Since March of this year, a marijuana butter scandal has been unfolding in the state of Michigan. This debacle involves four corrections officers, a couple of spouses, and a whole lot of misery for those involved.
The incident started with a tip from the U.S. Postal Service that marijuana was en route to an unspecified address. Soon after, authorities raided the homes of both the sender and the party who would be receiving the vacuum-sealed marijuana butter. Ultimately, a small grow operation was discovered at one home, while several pounds of refined marijuana butter were found at the other residence. This turn of events back in March has since led to three longtime Kent Count corrections officers being summarily fired, and another seems to have taken his own life.
Brian Tennant, Todd VanDoorne, and Michael Frederick, all veteran corrections officers, along with Timothy Bernhardt, who was a sergeant and a 22-year veteran with the Kent County Sheriff's Department, were all ensnared in the pot butter investigation. Bernhardt was the first officer arrested after the Kent Area Narcotics Enforcement Team raided the home of Alyssa and Timothy Scherzer and obtained evidence that marijuana-infused butter had been provided to the corrections employees. After interviewing Bernhardt, police arrested Tennant, VanDoorne, and Fredrick. All officers were charged with varied marijuana crimes, depending on their participation in the supply chain.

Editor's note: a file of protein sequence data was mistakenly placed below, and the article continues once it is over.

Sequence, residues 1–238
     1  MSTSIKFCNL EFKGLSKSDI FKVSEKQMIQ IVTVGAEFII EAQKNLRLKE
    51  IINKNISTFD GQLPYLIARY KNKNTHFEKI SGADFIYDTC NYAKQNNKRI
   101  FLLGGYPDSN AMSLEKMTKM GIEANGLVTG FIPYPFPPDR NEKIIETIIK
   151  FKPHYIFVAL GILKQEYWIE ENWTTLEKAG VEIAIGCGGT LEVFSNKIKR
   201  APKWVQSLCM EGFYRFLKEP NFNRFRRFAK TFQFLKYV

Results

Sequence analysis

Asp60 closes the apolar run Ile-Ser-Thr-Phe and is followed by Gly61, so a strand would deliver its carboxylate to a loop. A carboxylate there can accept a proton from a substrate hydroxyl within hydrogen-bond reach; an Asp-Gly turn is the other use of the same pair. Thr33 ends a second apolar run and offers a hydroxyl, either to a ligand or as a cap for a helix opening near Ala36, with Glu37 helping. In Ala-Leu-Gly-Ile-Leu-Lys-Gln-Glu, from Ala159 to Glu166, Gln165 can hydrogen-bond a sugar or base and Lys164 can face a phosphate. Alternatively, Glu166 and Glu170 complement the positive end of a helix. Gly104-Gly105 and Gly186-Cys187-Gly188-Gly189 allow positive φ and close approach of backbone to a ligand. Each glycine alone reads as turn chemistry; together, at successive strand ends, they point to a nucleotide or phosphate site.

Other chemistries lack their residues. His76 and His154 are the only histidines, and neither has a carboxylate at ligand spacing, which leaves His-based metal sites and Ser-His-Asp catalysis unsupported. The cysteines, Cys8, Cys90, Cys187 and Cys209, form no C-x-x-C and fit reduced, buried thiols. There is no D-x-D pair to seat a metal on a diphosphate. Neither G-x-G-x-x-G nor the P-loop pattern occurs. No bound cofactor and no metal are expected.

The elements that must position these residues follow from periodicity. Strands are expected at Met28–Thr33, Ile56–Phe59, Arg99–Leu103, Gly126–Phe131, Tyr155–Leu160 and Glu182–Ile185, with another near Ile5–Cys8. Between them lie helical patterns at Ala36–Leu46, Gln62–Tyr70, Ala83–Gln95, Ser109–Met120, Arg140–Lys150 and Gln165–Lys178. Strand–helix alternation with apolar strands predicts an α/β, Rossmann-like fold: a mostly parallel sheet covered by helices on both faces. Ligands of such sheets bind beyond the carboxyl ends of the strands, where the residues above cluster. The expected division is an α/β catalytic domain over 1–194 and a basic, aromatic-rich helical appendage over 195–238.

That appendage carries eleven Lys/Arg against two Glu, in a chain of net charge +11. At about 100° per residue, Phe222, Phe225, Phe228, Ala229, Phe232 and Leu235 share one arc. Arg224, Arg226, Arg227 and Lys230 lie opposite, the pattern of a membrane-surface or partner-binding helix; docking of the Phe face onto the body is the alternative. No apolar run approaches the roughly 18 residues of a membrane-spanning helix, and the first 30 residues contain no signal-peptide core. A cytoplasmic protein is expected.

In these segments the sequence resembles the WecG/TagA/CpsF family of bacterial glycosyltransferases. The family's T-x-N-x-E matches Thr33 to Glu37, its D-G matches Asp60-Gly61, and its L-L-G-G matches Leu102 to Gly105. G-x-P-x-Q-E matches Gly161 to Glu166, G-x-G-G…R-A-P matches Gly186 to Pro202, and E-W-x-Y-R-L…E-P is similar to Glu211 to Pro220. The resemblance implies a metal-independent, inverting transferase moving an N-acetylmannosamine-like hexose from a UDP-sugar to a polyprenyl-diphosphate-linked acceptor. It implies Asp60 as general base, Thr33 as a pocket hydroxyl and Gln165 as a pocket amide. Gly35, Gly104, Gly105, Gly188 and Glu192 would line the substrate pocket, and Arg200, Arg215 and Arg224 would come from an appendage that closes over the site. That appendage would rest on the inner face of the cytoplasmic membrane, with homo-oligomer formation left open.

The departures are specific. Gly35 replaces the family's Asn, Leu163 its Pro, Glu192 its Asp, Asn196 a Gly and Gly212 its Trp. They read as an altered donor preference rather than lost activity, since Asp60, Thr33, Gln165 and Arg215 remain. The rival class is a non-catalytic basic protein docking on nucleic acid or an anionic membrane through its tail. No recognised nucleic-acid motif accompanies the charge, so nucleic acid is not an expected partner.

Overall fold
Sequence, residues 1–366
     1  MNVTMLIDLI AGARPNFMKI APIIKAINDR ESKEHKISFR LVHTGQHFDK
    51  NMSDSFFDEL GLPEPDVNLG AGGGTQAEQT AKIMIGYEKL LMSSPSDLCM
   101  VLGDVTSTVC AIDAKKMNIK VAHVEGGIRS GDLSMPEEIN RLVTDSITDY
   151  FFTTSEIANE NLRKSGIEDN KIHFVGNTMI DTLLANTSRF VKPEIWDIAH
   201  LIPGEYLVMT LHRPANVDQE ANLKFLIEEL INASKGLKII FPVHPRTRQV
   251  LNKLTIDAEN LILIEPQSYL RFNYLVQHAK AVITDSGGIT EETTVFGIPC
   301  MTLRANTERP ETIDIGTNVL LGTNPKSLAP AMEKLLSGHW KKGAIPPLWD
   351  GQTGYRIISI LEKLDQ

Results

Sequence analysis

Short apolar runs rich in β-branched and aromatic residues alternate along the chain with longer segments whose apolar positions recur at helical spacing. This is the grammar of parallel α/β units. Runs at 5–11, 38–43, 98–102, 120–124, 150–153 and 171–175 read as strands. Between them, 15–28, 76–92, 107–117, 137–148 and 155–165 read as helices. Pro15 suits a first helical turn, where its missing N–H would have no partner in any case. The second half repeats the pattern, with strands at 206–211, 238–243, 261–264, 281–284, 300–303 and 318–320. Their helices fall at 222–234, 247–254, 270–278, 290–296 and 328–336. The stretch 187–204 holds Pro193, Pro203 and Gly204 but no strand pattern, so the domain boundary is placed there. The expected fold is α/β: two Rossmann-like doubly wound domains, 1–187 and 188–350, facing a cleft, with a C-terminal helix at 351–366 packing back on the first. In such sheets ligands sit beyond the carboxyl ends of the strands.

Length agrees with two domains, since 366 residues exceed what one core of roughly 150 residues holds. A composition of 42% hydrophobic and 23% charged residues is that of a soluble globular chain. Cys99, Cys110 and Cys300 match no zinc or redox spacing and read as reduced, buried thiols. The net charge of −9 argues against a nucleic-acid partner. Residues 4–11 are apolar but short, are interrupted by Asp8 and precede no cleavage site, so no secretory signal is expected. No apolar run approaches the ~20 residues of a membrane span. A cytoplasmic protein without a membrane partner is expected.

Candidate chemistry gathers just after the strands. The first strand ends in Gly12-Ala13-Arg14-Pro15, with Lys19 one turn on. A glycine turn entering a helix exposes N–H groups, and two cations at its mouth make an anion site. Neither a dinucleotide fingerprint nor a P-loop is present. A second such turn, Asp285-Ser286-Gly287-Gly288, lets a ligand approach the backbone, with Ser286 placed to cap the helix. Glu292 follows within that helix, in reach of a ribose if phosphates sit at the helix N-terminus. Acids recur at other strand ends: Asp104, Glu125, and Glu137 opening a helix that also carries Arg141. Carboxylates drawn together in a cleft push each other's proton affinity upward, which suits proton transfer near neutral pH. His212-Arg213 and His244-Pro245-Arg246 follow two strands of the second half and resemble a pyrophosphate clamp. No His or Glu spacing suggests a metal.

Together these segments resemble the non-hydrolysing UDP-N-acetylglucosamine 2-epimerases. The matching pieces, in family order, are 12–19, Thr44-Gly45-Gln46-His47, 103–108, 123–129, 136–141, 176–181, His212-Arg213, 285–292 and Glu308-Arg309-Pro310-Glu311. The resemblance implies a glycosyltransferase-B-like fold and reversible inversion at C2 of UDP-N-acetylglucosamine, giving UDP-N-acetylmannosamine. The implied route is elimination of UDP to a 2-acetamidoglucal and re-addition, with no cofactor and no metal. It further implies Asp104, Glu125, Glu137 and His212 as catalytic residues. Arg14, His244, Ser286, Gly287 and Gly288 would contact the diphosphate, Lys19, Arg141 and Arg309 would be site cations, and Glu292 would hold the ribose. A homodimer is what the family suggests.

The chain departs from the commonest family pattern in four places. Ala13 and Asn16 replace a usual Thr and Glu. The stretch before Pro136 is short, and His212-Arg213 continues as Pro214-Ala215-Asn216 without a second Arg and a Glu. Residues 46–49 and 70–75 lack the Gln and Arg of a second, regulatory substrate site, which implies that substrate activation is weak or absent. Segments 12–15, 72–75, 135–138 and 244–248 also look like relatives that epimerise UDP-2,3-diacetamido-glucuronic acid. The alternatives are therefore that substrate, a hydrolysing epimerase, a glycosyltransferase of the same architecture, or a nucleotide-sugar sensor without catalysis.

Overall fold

Tennant and Bernhardt have already accepted plea deals in exchange for testifying against the other two officers. In a sad quasi-end to this case, Bernhardt was found dead at his home on Nov. 16. Suicide was hinted at, but the Kent County Sherriff’s Office had no comment.
Some might be glad to see these officers of the law caught up in their own dragnet. I feel differently.
I agree with those who call this a "witch hunt" over a "hyper-technicality" in the law. What this is really about is a confusing, vague, gray area within the Michigan Medical Marijuana Act, that states: although marijuana can be legally used by patients with the proper recommendation, those using edibles are not protected from prosecution. Three of the officers had valid state MMJ cards. However, because of their jobs, the gray area in the law, the fact that they were using butter as a medium for cannabis, and an overzealous judge who wanted to make examples of them, all those involved in this non-violent infraction have since had their lives ruined. Each of the remaining officers is looking at a four-year sentence plus fines... Over pot butter?